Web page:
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Preoperative 'bloodletting' in a patient with severe cardiomyopathy presenting for Cesarean delivery
Abstract Number: F-84
Abstract Type: Case Report/Case Series
A 37 year old G3P1 at 37 weeks gestation with a history of cardiomyopathy, LVEF 30-35% and severe global hypokinesis at term, presents for induction of labor. Throughout pregnancy, she was followed closely by cardiology, placed on metoprolol and furosemide, and was instructed to wear a ‘Life Vest’. At term, she complained of shortness of breath and dyspnea on exertion. An early epidural was placed after rupture of membranes without complication. An arterial line was also placed to closely monitor her blood pressures during labor. The patient failed to progress past 5 cm dilation, and due to persistent category II tracings, the obstetric team decided to proceed with Cesarean section.
Concerned about fluid overload immediately postpartum, the anesthesia team decided to place a rapid infusion catheter (RIC) line in the patient’s forearm, which was used to remove 400 mL of blood preoperatively (with storage in sodium citrate in case it was needed postpartum). Defibrillation pads were placed on the patient in the OR, and she underwent an uncomplicated Cesarean delivery via epidural anesthesia. Postoperatively, a CBC was checked, which revealed a hematocrit of 32 (compared to a preoperative value of 34). An echocardiogram was performed, which demonstrated slightly increased RAP (5-10), compared to her exam a week prior. With this information, she was deemed euvolemic, so the patient’s autologous blood was discarded. The rest of her recovery was uncomplicated, and she was discharged home in stable condition on post-op day 3.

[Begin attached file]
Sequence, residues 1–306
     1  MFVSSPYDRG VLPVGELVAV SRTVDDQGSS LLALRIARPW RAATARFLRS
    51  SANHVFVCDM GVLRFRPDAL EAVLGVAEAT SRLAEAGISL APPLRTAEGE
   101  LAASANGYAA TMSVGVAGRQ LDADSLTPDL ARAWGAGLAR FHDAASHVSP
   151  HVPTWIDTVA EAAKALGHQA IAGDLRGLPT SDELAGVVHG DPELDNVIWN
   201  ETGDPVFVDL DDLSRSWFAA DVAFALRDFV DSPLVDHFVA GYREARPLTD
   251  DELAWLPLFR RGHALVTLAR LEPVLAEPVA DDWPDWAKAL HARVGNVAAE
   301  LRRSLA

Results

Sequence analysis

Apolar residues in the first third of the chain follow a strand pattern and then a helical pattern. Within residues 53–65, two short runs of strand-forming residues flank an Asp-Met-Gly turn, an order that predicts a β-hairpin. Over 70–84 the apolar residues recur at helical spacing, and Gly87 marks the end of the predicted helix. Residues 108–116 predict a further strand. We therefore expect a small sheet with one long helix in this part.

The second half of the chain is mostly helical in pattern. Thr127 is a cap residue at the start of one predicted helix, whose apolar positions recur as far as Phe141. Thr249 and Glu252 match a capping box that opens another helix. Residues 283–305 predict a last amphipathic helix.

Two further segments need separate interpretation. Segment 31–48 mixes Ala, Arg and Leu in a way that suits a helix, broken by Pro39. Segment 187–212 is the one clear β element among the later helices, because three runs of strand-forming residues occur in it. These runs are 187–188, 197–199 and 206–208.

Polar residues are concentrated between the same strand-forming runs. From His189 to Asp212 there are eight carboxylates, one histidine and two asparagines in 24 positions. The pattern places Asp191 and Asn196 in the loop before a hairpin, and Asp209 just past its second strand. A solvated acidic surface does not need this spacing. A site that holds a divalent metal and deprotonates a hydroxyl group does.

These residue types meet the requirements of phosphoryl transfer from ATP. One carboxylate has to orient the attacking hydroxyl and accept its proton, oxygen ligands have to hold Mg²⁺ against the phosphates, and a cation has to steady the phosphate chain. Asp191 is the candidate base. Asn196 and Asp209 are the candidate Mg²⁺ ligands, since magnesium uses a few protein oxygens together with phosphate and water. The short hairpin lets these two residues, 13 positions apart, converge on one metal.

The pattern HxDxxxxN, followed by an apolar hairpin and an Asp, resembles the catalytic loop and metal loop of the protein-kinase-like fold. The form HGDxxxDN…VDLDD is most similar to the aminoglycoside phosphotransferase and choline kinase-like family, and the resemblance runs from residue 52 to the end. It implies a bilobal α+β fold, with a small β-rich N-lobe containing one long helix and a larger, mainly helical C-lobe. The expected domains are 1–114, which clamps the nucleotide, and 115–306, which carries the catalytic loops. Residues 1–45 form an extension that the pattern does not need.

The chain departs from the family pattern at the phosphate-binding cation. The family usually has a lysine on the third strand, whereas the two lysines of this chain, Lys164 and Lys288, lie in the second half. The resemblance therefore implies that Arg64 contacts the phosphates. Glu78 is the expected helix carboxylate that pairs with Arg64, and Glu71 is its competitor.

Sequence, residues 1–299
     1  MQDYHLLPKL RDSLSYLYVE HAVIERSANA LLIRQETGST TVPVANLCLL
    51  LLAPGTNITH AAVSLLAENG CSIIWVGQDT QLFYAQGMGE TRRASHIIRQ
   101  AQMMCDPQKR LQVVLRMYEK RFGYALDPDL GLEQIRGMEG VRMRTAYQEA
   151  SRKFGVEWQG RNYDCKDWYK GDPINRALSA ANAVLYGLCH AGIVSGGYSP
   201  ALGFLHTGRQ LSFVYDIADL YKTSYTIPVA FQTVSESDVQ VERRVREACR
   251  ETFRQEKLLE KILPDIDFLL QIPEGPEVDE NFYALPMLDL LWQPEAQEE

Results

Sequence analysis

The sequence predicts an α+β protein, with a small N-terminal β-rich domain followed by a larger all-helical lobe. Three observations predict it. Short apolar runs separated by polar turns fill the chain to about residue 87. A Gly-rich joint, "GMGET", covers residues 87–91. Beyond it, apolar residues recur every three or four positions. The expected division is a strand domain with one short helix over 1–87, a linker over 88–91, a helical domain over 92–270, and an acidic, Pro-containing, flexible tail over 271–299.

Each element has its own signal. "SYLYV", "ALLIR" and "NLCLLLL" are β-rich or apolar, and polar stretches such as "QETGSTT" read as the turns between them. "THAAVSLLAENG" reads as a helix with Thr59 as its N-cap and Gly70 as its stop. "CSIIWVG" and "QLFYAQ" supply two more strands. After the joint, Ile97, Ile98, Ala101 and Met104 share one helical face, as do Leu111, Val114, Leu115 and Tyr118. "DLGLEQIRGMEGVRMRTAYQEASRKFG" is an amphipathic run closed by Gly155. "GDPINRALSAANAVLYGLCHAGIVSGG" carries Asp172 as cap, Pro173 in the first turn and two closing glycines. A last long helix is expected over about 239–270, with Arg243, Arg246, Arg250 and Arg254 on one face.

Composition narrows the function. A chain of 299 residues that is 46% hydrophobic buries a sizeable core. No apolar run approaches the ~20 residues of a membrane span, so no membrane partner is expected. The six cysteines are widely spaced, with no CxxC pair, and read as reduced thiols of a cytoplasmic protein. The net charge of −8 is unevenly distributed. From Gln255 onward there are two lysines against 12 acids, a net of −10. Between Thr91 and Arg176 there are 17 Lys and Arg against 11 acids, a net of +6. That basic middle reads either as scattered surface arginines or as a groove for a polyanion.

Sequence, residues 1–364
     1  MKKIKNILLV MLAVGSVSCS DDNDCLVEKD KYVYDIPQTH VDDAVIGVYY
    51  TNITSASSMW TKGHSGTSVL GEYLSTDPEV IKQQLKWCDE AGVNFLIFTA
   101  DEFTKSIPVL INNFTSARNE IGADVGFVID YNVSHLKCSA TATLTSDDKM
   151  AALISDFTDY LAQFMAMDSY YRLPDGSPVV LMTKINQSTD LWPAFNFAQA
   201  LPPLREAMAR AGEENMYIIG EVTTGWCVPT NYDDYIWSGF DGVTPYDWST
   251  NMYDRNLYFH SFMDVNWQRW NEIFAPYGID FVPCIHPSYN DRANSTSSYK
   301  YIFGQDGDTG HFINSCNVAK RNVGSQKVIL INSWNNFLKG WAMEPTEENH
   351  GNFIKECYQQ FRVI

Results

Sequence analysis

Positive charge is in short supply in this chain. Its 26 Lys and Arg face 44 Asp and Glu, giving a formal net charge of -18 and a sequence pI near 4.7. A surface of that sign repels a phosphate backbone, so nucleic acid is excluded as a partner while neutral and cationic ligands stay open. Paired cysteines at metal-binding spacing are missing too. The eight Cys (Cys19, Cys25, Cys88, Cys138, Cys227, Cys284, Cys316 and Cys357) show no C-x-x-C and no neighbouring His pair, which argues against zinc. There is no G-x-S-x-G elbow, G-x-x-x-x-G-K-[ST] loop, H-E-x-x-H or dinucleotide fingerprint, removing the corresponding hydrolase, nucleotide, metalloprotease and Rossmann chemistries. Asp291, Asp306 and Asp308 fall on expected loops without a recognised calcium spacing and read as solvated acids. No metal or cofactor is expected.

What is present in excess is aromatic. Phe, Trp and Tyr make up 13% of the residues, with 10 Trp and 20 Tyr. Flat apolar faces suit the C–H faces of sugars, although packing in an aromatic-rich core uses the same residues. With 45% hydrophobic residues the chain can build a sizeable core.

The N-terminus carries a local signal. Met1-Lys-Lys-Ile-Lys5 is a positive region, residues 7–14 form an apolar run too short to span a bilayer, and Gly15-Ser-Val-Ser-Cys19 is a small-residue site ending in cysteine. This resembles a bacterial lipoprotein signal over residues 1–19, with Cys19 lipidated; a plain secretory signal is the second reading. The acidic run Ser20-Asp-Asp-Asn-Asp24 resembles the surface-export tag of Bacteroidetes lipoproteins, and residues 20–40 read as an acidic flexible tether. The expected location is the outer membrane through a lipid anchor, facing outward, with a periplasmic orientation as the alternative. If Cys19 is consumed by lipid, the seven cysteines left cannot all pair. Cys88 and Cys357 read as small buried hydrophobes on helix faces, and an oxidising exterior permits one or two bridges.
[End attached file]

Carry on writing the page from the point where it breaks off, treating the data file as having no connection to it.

In the immediate postpartum period, cardiac output may increase 75% above pre-delivery levels, due in part to auto-transfusion from the contracted uterus (approximately 500 mL), leading to increased venous return, larger stroke volumes, as well as alterations in sympathetic nervous system activity. Cardiac output may also rise with relief of aortocaval compression, diminished lower extremity venous pressure, and a reduction in maternal vascular capacitance (1). With this patient’s severe cardiomyopathy, there was concern for fluid overload and resultant pulmonary edema if she could not tolerate such physiologic changes immediately postpartum. We thus present a novel preoperative ‘bloodletting’ technique, to potentially minimize adverse hemodynamic effects in the immediate postpartum period in a patient with severe cardiomyopathy.
1) Chestnut, David H. Chestnut's Obstetric Anesthesia: Principles and Practice. 4th ed. Philadelphia: Mosby/Elsevier, 2009.